The rest of the day passed like a dream, though not a pleasant one. No one spoke save when necessary, and the great villa suddenly seemed like an empty cavern unsuitable for human habitation. Without Abiri, it was just a sad and silent place.
They forced their way through a tasteless dinner, and then sleep provided a brief respite from the grief.
The next morning, Natoma awoke with the dawn. She crept through the house, distantly hearing the servants preparing breakfast, and wandered into the courtyard.
She wanted to turn back, but her pain had taken over, and she was drawn to the clearing where Abiri had once practiced her sword postures every morning. The patch of bare dirt was still there, though the grass had started to cover it again.
Natoma’s lip trembled, and her eyes filled with tears. She remembered all the happy mornings she had spent here, watching her sister dance through the deadly yet beautiful forms.
Abiri’s mock sword was still there. It had been knocked from its usual resting place against the tree trunk, and the winter had left it slightly weathered, but it was still in fairly good condition.
Not really thinking, Natoma crept over to the length of wood and picked it up. The tears flowing freely now, she held the “sword” the way she remembered Abiri doing.
She moved to the center of the clearing and put herself in the fighter’s stance used by Urannan warriors. She could feel the way her sister’s feet had contoured the soil over the years.
She remembered the days when Abiri had begun every morning this way, moving through the postures with perfect grace. Still sniffling and feeling the hot tears running down her cheeks, Natoma began to move through the traditional forms of Urannan sword training, the same ones once practiced by her sister.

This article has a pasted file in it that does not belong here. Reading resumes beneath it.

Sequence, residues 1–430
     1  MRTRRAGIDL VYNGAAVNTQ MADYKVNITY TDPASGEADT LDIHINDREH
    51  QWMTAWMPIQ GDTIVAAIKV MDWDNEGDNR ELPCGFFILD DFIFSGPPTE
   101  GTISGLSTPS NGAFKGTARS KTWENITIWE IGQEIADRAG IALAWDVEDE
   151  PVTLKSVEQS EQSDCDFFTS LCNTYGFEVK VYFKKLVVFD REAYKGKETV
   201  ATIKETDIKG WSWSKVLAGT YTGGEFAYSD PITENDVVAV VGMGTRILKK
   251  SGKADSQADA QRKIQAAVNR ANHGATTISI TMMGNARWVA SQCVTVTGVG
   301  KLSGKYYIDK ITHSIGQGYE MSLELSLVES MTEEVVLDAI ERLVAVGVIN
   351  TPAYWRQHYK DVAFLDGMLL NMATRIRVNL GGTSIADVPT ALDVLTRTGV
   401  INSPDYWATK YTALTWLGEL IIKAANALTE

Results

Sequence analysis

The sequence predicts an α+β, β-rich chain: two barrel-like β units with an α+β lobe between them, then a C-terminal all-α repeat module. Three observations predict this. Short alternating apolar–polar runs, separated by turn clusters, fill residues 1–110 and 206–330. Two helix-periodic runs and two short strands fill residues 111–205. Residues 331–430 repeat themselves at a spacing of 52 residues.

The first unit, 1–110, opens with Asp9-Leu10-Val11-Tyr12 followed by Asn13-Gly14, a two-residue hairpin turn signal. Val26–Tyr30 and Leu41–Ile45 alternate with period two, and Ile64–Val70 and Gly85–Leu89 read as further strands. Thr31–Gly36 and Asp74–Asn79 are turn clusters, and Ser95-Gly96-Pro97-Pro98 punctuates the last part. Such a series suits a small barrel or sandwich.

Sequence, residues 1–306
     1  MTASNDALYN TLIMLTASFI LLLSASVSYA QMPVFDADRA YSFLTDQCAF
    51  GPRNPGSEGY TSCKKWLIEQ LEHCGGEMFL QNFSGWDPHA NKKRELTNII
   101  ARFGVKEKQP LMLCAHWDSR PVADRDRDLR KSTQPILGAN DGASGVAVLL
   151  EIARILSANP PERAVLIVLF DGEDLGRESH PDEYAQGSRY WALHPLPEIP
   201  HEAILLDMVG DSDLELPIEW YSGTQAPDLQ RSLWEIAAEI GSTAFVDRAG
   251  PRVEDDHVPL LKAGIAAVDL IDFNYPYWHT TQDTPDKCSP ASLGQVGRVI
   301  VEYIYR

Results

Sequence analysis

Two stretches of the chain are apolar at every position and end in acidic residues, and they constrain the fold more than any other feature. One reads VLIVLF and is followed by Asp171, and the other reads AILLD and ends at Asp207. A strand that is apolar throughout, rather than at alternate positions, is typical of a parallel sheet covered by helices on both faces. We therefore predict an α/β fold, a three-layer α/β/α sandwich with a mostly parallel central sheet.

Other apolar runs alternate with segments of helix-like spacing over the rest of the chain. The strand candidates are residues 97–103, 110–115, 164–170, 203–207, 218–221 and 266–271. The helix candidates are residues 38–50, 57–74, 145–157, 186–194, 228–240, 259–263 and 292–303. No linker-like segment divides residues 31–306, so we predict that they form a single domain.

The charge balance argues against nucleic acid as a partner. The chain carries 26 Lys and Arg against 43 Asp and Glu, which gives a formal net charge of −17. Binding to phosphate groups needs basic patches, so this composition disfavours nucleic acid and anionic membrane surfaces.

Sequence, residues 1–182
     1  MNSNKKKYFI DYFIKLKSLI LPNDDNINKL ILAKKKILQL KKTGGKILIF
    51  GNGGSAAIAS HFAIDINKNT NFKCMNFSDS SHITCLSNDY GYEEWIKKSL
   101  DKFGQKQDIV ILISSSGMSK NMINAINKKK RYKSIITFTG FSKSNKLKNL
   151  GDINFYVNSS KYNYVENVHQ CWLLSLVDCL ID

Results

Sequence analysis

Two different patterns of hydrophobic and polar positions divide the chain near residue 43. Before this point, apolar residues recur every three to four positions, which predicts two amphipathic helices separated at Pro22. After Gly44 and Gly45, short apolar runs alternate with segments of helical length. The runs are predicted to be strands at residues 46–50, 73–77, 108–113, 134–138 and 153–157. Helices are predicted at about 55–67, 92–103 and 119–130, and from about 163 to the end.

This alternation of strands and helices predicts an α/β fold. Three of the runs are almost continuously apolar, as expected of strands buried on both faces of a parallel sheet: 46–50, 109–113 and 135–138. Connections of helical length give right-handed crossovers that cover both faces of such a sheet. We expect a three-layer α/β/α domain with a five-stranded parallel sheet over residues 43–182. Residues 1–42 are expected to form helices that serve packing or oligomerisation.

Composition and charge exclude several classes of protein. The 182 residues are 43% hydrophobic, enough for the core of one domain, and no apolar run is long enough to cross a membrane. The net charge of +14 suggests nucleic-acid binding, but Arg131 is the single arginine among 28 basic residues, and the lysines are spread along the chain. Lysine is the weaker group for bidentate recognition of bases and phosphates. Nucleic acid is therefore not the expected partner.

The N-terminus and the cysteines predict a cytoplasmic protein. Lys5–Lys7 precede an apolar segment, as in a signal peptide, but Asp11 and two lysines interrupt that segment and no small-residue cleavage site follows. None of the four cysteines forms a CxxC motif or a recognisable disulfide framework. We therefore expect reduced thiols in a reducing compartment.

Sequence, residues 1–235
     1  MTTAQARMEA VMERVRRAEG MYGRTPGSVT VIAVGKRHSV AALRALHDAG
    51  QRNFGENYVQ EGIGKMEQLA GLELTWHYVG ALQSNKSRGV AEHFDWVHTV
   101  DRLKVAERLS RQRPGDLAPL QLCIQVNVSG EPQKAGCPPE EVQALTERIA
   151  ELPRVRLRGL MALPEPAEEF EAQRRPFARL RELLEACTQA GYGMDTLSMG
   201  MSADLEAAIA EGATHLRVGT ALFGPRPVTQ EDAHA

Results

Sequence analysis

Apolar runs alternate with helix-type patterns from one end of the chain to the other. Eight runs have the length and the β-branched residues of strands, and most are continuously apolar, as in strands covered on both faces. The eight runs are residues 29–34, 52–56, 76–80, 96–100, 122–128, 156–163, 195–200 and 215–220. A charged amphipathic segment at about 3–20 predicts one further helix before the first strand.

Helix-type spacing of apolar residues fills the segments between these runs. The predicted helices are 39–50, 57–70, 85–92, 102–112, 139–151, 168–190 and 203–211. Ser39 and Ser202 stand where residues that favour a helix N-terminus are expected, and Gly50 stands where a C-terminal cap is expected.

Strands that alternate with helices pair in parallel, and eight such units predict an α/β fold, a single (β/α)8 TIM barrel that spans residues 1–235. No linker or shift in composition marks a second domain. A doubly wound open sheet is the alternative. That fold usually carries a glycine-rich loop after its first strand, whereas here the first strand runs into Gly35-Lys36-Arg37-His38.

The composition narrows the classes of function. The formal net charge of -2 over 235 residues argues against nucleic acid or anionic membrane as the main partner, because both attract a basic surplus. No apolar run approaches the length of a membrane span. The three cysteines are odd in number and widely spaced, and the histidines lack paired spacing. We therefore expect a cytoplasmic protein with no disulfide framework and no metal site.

She had spent so many years watching Abiri that she knew exactly what to do. It was only a matter of practicing until she had the forms down.
And as she went through the motions, the weight of time seemed to fall away. She tried and tried and tried again to perfectly imitate the postures as Abiri had done them, and in such a state of focus, there was little space left for her grief.
Her universe became reduced down to the weight of the mock blade in her hand and the flow of her muscles as she sought the perfect form, and she became free of the past and the future alike. There was only the moment – the feel of the earth beneath her feet, the warmth of the sun above, and the strain of her body.
Thus began her new ritual as she spent her time in search of the perfect form, the perfect moment. She trained there, in her sister’s pose, day after day, week after week, year after year.